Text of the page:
Out of the Wreck (Wildside Press, 2006)
As Captain Dingle led me a merry chase all yesterday evening I thought I'd share my confusion.
In what I laughingly call my spare time I'm doing a lot of background research for the Encyclopedia of Science Fiction. You can probably guess how far I've gotten...
Captain Dingle wrote primarily under two names, the abbreviated Captain A. E. Dingle and the pseudonym "Sinbad". He wrote mostly adventurous yarns of the sea for British and American story papers and pulps. Nowadays he's almost forgotten except by pulp collectors and Sherlock Holmes buffs. To the latter he was the author of a Holmes pastiche entitled "Watson!" which appeared in Short Stories, 10 October 1921. He was a popular author in his time, a reviewer of one of his novels remarking that "This Captain Dingle is really a captain, a deep sea sailorman, and more than that he is a story teller par excellence. The Flying Kestrel pulsates with the pounding of the seas on battened hatches, it thrums with the singing of the gales through bellying topgallants and taut braced hemp and it exults in the sailor-craft of a master mariner ... It's like "Two Years Before the Mast" and Morgan Robertson and Conrad rolled into one. And it's dollars to doughnuts after you have raced through it once, you'll turn right back to the first page and begin again." (Egbert S. Turner, 'Browsing in Literary Fields', Syracuse Herald, 26 June 1927)
Wildside Press have put out a couple of his books in recent years but there's very little about him on the web beyond a handful of books for sale and the occasional mention of his Sherlockian connection.
His name in full was Aylward Edward Dingle and in reference works it's pretty well established that he was born in Oxford in 1874 and died on 30 October 1947. A quick check with death records showed that he died in Kerrier, Cornwall, aged 74.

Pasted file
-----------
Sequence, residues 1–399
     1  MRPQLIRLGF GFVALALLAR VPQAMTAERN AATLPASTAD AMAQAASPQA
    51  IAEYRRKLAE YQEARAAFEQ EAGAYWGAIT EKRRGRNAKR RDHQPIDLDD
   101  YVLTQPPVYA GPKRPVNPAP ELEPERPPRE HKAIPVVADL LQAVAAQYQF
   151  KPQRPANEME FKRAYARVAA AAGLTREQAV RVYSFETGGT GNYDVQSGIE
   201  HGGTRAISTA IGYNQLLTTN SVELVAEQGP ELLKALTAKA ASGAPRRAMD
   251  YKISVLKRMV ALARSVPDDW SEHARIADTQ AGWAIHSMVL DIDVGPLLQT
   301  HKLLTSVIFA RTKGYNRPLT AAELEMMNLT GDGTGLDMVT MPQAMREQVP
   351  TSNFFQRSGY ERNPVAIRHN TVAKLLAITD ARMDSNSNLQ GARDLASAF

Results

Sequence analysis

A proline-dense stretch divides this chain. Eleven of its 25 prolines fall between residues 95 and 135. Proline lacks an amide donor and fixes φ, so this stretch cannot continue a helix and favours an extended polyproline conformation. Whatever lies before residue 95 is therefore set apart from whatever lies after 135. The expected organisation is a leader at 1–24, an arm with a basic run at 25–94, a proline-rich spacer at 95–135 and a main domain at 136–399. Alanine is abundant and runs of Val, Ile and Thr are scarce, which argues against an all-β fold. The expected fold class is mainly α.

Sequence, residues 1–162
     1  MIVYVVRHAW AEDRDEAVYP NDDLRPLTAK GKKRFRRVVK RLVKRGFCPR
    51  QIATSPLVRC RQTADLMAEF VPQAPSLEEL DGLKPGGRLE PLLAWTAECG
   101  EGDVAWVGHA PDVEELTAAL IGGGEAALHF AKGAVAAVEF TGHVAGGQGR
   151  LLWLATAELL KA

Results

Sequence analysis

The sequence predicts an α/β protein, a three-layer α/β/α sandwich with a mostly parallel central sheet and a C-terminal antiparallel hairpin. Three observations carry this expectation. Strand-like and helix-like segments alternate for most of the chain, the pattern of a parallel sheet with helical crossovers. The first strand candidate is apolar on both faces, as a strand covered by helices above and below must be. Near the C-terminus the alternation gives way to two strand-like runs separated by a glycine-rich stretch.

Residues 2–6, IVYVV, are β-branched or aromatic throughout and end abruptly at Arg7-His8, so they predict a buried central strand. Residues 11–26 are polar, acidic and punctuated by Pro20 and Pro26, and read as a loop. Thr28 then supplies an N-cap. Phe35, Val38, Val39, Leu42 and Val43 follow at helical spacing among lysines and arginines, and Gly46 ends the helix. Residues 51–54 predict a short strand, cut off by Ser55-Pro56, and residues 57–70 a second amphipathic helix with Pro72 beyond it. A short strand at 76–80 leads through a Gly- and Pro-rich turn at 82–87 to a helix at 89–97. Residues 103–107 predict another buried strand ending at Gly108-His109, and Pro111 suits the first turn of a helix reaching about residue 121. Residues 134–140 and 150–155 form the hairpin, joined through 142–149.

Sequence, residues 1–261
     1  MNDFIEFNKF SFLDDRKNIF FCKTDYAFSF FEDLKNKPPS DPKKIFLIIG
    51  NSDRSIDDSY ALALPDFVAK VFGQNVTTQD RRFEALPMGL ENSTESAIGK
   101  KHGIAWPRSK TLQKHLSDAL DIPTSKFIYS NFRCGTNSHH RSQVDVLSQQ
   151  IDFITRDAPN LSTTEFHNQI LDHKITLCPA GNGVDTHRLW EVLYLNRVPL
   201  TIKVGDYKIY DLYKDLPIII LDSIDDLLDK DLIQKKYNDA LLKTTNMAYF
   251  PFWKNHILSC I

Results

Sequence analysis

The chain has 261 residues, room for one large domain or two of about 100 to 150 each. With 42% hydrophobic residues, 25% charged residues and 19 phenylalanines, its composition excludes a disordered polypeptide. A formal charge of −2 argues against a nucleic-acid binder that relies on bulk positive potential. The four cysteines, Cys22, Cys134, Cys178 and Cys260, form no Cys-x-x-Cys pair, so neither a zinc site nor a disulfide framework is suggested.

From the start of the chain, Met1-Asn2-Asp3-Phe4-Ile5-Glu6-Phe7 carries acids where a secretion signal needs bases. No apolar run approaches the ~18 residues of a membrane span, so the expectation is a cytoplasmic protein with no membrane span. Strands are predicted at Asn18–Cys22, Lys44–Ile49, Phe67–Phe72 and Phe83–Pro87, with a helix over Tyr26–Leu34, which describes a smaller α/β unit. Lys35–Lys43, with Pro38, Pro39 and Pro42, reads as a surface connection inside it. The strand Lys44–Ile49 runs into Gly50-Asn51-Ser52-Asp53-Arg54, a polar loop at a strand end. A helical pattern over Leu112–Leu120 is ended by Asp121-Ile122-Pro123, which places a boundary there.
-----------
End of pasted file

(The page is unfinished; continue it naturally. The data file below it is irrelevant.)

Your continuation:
Which bit of information meant at least half an hour's work, because 1947 minus 74 years doesn't make 1874. So I checked for his birth and couldn't find it mentioned anywhere between 1870-1875. In fact, there's no record of anyone called Aylward Dingle ever being born. I could see my evening slipping away.
Here's where luck plays a part in the story: last month, a Bermuda newspaper called the Royal Gazette carried an article on the celebrations surrounding the 100th birthday of Muriel Ethel ("Bubbles") Gauntlett. Mrs. Gauntlett was born in Oxford in 1908 and was the daughter of... Captain Aylward Dingle. A quick search proved that Muriel Ethel Dingle was registered as being born in Headington, near Oxford. The article also mentioned Muriel's mum (Marion) and sister (Doris) who was two years older. And some family stories...
The Dingle family moved from Oxford to Staten Island, New York, when Muriel was about two years old, where her father pursued his career as an author of novels and magazine articles about the sea. "These were well received at the time and, apart from hardships during wartime, provided a good living for the family."
In 1918, Captain Dingle became weary of trying to make a comfortable life for his family in a climate that was bitterly cold in the winter, often without the means to heat his home because of war-time shortages of fuel.The Dingle family then settled in Bermuda where Captain Dingle did much of his writing on Marshall's Island. His two daughters were educated and later employed on the island. Muriel was married to Ernest Gauntlett (hence the comment above about the significance of the name).
He began to long for a warmer, gentler climate in which to work and raise his family, and on August 13, 1918 he set sail for Bermuda in his small boat The Gauntlet, its name later having great significance in Bubbles's life.
Captain Dingle made his solo voyage to Bermuda accompanied only by his dog Trixie, and is believed to be the first man to have sailed this route single-handedly.
He reached Bermuda on September 9, much to the relief of his anxious family who had travelled to Bermuda a few weeks prior to this voyage on a converted destroyer.
Captain Dingle was near starvation when he was towed into Hamilton Harbour by the American Coast Guard, after enduring the most extreme hurricane conditions at sea which blew him off course, causing great delay and hardship that nearly took his life.